Before Travis Frederick can get back to protecting Dak Prescott and opening up holes for Ezekiel Elliott, he’s going to have to overcome some health issues. When discussing Fredrick’s health, we tend to focus on his recovery from Guillain-Barré syndrome. Rightly so, as the disease wiped out his 2018 season and can linger and cause problems for a while. But Frederick is also being restricted because he had shoulder surgery, something that will keep him from fully participating in the upcoming OTAs and minicamp.
“I’m just getting to the end of the quote-unquote recovery program, if you will, for a shoulder,” Frederick said. “[Strength and conditioning coach Mike Woicik] has got a program that he’s been doing for a very long time to get guys back from shoulder injuries, and I feel like I’ve been successful in that program and he’s been impressed with my results, so that’s good. But as far as the overall strength of it, I really do feel confident in that strength, and I feel like I’m back to a level that’s where I would expect to be after a certain amount of training.”
The shoulder surgery is a minor setback even if it does keep him from fully participating in the offseason program. That has a finite end where he will be good to go. More worrisome has always been the Guillain-Barré syndrome, something that is much harder to deal with. That issue kept him from having the shoulder surgery right away because his doctors wouldn’t clear him for it until he had progressed enough in his battle with Guillain-Barré, so finally having the surgery was a good sign.
Frederick believes everything is going to plan on his recovery from GBS, but he won’t really know until he straps on the pads and hits someone in real action.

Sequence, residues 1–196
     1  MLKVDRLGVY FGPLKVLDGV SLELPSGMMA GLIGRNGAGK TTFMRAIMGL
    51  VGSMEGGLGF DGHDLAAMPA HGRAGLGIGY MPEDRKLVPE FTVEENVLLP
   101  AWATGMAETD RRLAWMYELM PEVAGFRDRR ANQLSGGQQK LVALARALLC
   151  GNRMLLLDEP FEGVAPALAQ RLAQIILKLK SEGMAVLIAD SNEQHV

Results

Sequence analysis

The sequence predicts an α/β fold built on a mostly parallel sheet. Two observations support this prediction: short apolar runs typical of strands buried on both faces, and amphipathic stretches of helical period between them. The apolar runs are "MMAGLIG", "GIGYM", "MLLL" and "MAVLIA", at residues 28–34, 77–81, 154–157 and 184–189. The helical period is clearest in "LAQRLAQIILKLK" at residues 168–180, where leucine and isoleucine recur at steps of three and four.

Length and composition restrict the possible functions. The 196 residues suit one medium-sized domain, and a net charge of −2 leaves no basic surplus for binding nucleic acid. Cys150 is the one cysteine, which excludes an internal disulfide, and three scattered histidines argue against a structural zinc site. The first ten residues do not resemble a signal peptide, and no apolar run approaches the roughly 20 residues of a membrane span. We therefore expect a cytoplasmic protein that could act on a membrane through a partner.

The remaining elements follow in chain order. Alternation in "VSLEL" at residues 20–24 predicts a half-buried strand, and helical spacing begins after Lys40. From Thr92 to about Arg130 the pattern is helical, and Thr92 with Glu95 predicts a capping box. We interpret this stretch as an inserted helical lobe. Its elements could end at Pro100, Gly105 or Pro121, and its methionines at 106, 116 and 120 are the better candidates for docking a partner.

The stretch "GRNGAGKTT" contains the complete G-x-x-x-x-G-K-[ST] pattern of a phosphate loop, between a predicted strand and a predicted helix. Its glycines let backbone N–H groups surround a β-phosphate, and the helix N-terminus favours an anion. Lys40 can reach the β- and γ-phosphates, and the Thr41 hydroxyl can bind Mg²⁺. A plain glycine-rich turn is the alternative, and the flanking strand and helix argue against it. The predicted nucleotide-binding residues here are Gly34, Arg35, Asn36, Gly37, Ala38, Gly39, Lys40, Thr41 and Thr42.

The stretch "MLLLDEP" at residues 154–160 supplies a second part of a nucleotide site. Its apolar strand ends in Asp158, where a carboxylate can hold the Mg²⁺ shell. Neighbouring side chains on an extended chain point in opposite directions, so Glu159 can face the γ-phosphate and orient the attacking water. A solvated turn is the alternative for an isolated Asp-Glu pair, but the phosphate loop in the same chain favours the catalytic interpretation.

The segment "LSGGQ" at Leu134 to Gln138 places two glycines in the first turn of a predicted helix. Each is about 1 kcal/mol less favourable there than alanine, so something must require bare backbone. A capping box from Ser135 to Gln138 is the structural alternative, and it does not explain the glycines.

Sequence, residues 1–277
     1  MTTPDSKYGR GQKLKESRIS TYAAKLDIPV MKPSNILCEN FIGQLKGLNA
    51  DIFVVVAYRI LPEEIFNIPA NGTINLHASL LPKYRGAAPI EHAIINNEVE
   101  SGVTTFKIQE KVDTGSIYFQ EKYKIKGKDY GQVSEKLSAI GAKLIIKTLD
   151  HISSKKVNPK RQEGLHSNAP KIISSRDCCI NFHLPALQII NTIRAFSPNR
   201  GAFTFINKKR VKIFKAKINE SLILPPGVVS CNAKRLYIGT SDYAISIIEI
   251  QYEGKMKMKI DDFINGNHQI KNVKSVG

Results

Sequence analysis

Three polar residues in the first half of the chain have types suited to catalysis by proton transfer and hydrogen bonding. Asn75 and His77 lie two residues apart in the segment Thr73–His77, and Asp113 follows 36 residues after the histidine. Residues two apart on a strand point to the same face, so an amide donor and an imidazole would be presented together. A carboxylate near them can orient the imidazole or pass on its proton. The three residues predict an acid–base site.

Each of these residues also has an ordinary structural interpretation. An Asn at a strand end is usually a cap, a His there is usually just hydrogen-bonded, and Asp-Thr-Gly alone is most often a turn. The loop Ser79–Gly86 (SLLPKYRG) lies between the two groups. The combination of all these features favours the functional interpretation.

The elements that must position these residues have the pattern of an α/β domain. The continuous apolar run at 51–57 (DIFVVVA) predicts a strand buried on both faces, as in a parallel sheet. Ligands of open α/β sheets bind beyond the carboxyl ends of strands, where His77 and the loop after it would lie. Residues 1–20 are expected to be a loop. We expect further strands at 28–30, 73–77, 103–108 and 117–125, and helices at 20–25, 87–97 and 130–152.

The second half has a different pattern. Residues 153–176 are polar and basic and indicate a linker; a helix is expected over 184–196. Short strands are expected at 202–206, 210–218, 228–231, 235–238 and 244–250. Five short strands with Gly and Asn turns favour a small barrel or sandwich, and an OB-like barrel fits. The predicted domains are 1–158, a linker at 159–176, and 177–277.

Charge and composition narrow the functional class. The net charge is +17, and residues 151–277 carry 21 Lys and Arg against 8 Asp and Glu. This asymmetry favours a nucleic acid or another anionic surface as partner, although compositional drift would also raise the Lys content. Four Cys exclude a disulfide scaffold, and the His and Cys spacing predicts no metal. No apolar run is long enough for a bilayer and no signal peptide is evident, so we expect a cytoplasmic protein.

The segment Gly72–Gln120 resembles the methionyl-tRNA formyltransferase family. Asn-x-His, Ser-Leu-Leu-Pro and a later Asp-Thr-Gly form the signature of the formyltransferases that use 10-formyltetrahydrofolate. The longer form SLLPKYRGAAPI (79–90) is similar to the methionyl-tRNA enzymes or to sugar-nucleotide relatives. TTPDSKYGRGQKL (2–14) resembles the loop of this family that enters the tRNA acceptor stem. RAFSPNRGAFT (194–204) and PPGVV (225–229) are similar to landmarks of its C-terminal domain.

“I think that’s where we are in the point of recovery, and I think that’s going to be an important step to my return, being able to go through [practice in pads], and there’s going to be rust,” Frederick said Tuesday at his Block Out Hunger Foundation’s event. “You’re going to have to knock the rust off during training camp and get back to doing those. You can do the movements on air as much as you want, but it’s not until you’re going against a live person that you feel football.”
One of the oddest things let Fredrick know he was well on his way to recovery from the disease - a stubbed toe.
One of the more profound moments in his return, Frederick said, came late last season when he stubbed his toe, which let him know his feelings were returning.
”You kind of get used to it after a while, which is kind of weird, and so then all of a sudden, ‘Oh yeah, I guess I can feel that now,’” he said. “I stubbed my toe and it hurt. It hurt a lot. So, at that point it was a good thing because there were times I’d kick the wall and I got nothing out of it.”
It’s a long road to recovery, and Frederick still has a meeting upcoming with neurologists to discuss his Guillain-Barré syndrome but he believes that’s about long-term issues and not anything related to his immediate ability to return to football.
He’s doing everything he can to return in 2019, but until he puts on the pads and starts hitting, there are still questions.